Tragedy would strike Lafayette when he arrived in Edinburgh on the 30th of April 1911, where he was booked for a two-week run at the Empire Theatre. The next day Beauty died of a stroke, and Lafayette was inconsolable, stating that this must be a sign that his own death was not too far away. Of course he demanded that Beauty be given a human burial in a consecrated ground, and had to contractually pledge that he too would be buried there upon his own death, before they would allow the funeral for Beauty.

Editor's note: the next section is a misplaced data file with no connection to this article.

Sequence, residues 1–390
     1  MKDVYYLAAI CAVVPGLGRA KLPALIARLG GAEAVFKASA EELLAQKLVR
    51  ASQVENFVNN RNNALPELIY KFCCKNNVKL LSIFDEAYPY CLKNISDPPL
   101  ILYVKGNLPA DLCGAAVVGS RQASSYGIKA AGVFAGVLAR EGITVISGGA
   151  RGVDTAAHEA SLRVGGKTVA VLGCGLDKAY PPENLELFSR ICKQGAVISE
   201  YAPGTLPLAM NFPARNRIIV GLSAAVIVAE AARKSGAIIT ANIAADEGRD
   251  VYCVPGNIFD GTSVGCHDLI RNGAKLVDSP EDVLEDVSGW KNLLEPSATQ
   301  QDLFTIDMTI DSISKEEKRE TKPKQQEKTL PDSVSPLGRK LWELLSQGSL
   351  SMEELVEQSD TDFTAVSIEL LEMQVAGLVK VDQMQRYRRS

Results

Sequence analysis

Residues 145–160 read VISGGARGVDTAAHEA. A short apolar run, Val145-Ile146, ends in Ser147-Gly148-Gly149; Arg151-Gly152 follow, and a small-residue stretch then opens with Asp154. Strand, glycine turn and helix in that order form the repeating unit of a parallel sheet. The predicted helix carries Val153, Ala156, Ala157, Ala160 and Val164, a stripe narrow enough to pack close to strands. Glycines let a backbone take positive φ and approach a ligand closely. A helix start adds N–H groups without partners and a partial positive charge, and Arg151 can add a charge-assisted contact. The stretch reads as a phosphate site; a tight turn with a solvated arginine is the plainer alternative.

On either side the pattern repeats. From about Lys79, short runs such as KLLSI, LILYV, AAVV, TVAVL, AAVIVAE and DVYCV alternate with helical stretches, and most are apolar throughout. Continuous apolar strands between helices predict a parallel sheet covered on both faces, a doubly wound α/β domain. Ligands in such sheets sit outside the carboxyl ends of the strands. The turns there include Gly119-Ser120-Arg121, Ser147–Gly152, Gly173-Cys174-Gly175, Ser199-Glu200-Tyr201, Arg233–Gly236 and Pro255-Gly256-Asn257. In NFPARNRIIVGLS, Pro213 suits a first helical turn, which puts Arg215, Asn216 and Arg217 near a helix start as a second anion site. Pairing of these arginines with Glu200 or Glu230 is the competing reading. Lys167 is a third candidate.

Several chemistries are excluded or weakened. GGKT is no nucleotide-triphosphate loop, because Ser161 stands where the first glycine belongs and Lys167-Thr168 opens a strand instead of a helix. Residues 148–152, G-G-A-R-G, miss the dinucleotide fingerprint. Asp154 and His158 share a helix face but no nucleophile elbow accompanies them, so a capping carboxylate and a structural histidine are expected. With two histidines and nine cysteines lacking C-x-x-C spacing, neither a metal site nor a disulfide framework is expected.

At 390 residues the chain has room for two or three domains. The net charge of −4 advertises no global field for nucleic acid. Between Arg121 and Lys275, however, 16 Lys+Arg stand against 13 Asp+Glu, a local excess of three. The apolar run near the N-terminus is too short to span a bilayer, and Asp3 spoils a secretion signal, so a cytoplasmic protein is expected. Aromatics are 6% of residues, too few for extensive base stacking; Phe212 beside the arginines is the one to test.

Through his suffering, Lafayette continued with his show, and at around 11pm the night before the funeral (May 9th), disaster struck at the Empire Theatre, which was packed to the rafters with 3,000 strong audience members. As the Lion roared during ‘The Lion’s Bride’ illusion, a faulty lantern set fire to the set, which went up in flames in a matter of moments. Audience members, who were used to seeing odd effects on stage didn’t realise that this wasn’t part of the act, and it wasn’t until the Orchestra began playing the national anthem ‘God Save the Queen’, that they understood something was wrong and began evacuating. Backstage, however, was an inferno because the safety curtain had been lowered, but became jammed leaving just a small gap at the bottom, through which a deadly draught of air fanned the flames and fed the enormous fire. To make matters worse, the intensely private Lafayette had the back stage doors locked to avoid members of the public sneaking in and seeing his secret set-ups. Meanwhile, a Lion was running wild amidst this disaster, and Lafayette was last seen running through the flames trying to save his horse, a black stallion named ‘Arizona’. It took 3 hours to bring the fire under control, and eleven people died, including members of the orchestra, stage hands and two midgets called Little Joe and Alice Dale, who operated a mechanical Teddy Bear. At 5am the next morning, a charred body dressed in Lafayette’s costume was found dead next to the corpse of Arizona the Horse, and a dead Lion. Shortly afterwards, the body was moved to Glasgow for cremation in preparation for his funeral.